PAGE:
The Ultimate Playroom for Speech-Language Development
The Porch, an online resource that delights homeowners who are moving or who are improving the homes they live in, reached out to Kidmunicate for our expert opinion on how to set up a playroom for speech-language development and we were happy to do so.
What activities can parents implement for their kids to learn different languages?
What toys and products can help kids to develop sensorial skills?
Tips to create a multi-age playroom?
What are the benefits of coding games for children?
How can parents choose a developmentally appropriate toy?
Tips to create an educational playroom?
What toys help with emotional development?
and our topic
Tips to set up a playroom for speech-language development, especially for children who struggle with a speech disorder?
Using clear bins
Clear bins that are hard to open or out of reach will foster communications in the form of requests. Use these opportunities to teach your child to look to you and ask for help. Use the bin labels and say “help”, “open”, “blocks” etc.
Organizing toys by categories (animals, building blocks, cars, dolls, food, etc.)
Limiting the number of items in each bin
Rotating the availability of toys in and out occasionally
Labeling each clear bin with two laminated cards secured with Velcro
One card with a picture of the type of items in the bin
One card with a word that describes the items.
When playing with your child put the cards up to your mouth while you say the word for the child.
Have your child match the pictures and words to the appropriate bins.
Be deliberate and repeated use of words (spoken and written) and pictures during playtime will enhance your child’s communication skills.
Additional Tips for Playtime and Speech-Langauge Development
Playing will activate your child’s imagination, expand their understanding of the world around them and help them develop their expressive (talking) and receptive (listening / understanding) language skills. Here is some expert advice from our speech pathologists.
Follow these additional tips for playtime and speech-language development.
Select toys based on developmental age, not chronological age.
Buy toys that encourage a wide variety of vocabulary words. (Animals, colors, body parts, clothing, numbers, food, etc.) to promote play that is rich in language.
Encourage language-rich play with your child every day because his or her brain is developing every day.
It’s ok to play with the same toy or game over and over again, the repetition will help but consider rotating available toys to continue to expose your child to new words.
Language is more than vocabulary. During play, demonstrate the function and context of words. Memorizing words is good, using them is better. Encourage the following:
Emoting (showing emotions)
Socializing (taking turns and collaborating)
Doing (feeding, dressing, walking, jumping, etc.)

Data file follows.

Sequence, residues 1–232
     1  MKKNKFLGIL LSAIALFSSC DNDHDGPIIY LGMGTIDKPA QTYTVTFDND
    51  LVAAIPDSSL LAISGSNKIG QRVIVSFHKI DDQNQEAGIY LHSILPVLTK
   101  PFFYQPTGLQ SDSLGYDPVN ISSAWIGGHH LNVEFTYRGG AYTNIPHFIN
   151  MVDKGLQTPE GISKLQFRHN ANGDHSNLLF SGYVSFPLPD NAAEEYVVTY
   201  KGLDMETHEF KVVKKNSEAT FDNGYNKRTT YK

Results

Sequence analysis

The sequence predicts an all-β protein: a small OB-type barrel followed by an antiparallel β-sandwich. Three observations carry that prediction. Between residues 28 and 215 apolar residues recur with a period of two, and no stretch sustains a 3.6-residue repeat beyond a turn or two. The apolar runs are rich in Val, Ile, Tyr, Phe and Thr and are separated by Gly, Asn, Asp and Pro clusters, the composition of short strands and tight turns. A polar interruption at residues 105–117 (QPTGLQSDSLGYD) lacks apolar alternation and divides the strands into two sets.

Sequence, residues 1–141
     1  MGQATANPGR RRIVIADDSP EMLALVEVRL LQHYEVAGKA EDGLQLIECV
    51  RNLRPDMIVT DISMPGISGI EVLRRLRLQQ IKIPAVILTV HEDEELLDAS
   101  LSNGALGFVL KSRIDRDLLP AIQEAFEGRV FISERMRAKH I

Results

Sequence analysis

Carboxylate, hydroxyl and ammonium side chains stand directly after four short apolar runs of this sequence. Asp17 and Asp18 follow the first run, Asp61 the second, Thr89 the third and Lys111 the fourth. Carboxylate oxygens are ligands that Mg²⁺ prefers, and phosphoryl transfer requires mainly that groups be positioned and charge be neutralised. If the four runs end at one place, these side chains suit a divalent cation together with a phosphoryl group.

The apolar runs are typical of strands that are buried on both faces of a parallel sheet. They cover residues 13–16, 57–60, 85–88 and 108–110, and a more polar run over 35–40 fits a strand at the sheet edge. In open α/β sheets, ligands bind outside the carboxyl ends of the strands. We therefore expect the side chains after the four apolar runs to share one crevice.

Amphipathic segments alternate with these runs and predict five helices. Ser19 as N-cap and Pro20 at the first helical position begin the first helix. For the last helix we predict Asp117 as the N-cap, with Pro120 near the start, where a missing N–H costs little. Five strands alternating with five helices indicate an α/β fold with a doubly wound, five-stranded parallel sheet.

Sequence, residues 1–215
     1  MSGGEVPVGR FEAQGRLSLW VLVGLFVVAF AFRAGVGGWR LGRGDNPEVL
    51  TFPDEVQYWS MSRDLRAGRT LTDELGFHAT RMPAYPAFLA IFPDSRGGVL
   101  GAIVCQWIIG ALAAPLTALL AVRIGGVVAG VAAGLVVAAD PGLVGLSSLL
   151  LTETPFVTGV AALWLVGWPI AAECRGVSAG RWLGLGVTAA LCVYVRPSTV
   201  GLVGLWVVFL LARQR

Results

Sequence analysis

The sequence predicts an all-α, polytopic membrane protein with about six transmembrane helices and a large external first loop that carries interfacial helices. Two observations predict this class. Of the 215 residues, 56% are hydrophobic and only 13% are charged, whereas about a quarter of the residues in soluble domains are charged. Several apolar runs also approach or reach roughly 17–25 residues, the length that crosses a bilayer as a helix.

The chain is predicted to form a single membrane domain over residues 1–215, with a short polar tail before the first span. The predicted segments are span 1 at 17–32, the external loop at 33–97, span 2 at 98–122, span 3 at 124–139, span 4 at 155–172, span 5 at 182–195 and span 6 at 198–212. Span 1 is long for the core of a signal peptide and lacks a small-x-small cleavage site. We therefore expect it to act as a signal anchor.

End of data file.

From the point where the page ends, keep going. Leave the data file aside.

Using prepositions (in, out, over, under, etc.)
Words are important, but making all kinds of sounds, like a cow mooing or a car revving, is helpful too.
Ask lots of questions while playing with your child.
Use role-playing to relate the toys to them.
Baby Doll “The baby doll has blue eyes like you do.”
Farm Set: “This cow makes this “mooing” sound. Can you moo like a cow?”
Kitchen Set: “This is your favorite food, orange carrots.”
While role-playing, pause often to let them fill in the words. (Emphasize trouble sounds)
Emphasize sounds or syllables that your child may be struggling with. “This school bus stops at the store.”
Ask your child questions about the sounds they struggle with. “What sound does this – pointing to a baby – start with?”
Look for toys with larger pieces for children under 3 to reduce choking hazards.
Theme-based toys, like farm sets, are great for building vocabulary, but also include toys, like basic building blocks or Playdoh, that require some imagination. Sometimes toys that do less, can help language development more.
Music and art both have many benefits for language building.
Make sure that you include some sensory play.
Toys are great for speech-language Development, but books are super helpful too.
A benefit of toys for speech-language development is that a child can see, feel and sometimes hear the words come to life, but books are a critical tool too, Combine toys and books for rich speech-language development. We published the top 100 children’s books for speech and language development. We organized the book list by sounds and categories so that you could select books that emphasize sounds that your child might need to practice. For example, if your child is having a problem making the /s/ sound or /l/ sound correctly, then you can select books that emphasize those sounds like Stella’s Starliner and Lovable Lyle the Crocodile.
Pam Drennen MS CCC-SLP is the VP Director of Clinical Services Speech at Kidmunicate. Pam has a Bachelors and Masters degree in Speech Language Pathology from Loyola University in Baltimore, Maryland.
Pam provides evaluation and treatment for a variety of speech/language and communication disorders. She has experience working with children with hearing loss, autism, Down Syndrome, a cleft palate, developmental delays, Apraxia of speech, auditory processing disorders, fluency disorders, oral motor/feeding issues as well as children with augmentative/alternative needs.
Pam is a member of the American Speech and Language Hearing Association.